WSIU InFocus Segment Archives
Produced by WSIU-TV senior producer David Kidd, this half-hour special examines the artistic legacy of the late L. Brent Kington, the father of modern-day blacksmithing and a renowned metalsmith whose life and work propelled him to national prominence. A major contributor to the American Studio Crafts Movement, he was named one of only forty five people in the United States to receive the American Craft Council's Gold Medal, the highest award bestowed to individual artists.
Born and raised in Kansas, Kington created all of his major works while living in southern Illinois and founded the only graduate program in blacksmithing in the country at Southern Illinois University in Carbondale, where he taught from 1961-1997. Kington also served as Director of the SIU School of Art and Design from 1961-1996.
In an interview taped in 2008, Kington reveals the genius behind his art as he leads Debra Tayes, curator for the Southern Illinois Art Gallery Artisan Museum, on a personal tour of one of his exhibits. He shares details about the challenges he overcame in his early life, the evolution of his baroque-style art, specific techniques he developed over the years, and the ability of ideas to transcend the very medium he used to create his innovative designs.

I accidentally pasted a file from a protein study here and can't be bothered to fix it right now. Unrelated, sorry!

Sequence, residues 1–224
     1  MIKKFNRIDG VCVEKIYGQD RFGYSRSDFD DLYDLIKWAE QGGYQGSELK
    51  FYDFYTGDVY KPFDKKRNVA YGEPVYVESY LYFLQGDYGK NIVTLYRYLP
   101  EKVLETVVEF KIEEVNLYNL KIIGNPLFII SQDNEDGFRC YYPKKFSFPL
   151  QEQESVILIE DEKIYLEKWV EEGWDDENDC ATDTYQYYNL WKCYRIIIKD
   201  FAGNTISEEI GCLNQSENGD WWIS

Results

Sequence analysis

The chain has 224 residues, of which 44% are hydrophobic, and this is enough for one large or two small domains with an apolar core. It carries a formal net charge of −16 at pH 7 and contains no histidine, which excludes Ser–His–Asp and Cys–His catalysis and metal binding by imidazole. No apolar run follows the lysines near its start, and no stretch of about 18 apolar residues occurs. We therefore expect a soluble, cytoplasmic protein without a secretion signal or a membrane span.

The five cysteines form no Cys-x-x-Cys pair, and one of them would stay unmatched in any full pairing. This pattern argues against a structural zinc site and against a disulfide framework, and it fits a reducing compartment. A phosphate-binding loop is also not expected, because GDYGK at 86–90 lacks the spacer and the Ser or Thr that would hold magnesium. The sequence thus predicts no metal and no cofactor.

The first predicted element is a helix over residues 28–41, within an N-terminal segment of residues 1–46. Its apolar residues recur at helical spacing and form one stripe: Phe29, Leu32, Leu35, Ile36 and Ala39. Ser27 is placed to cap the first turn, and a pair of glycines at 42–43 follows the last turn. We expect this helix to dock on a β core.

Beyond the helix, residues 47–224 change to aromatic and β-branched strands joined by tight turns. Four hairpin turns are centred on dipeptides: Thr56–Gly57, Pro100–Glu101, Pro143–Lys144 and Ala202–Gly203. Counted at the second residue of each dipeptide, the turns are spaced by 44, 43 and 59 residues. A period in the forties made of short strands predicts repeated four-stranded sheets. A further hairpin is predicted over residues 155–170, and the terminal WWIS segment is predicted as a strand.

Kington highlights some of the transitional pieces in the exhibit, such as his giant air machine, which combines castings with forged iron, and his Icarus series, bird-like creatures delicately balanced on a fulcrum. He explains how he sees and uses the plasticity in iron to create unique pieces that suggest motion. For example, some of his kinetic art started out as weather vanes, but evolved into more sensitive works that move subtly in the wind or when a slight touch sets them in motion.
In 2000, Kington was named as one of the most prominent 100 artists and key figures in American craft for the Nanette L. Laitman Documentation Project, administered by the Archives of American Art at the Smithsonian Institution.
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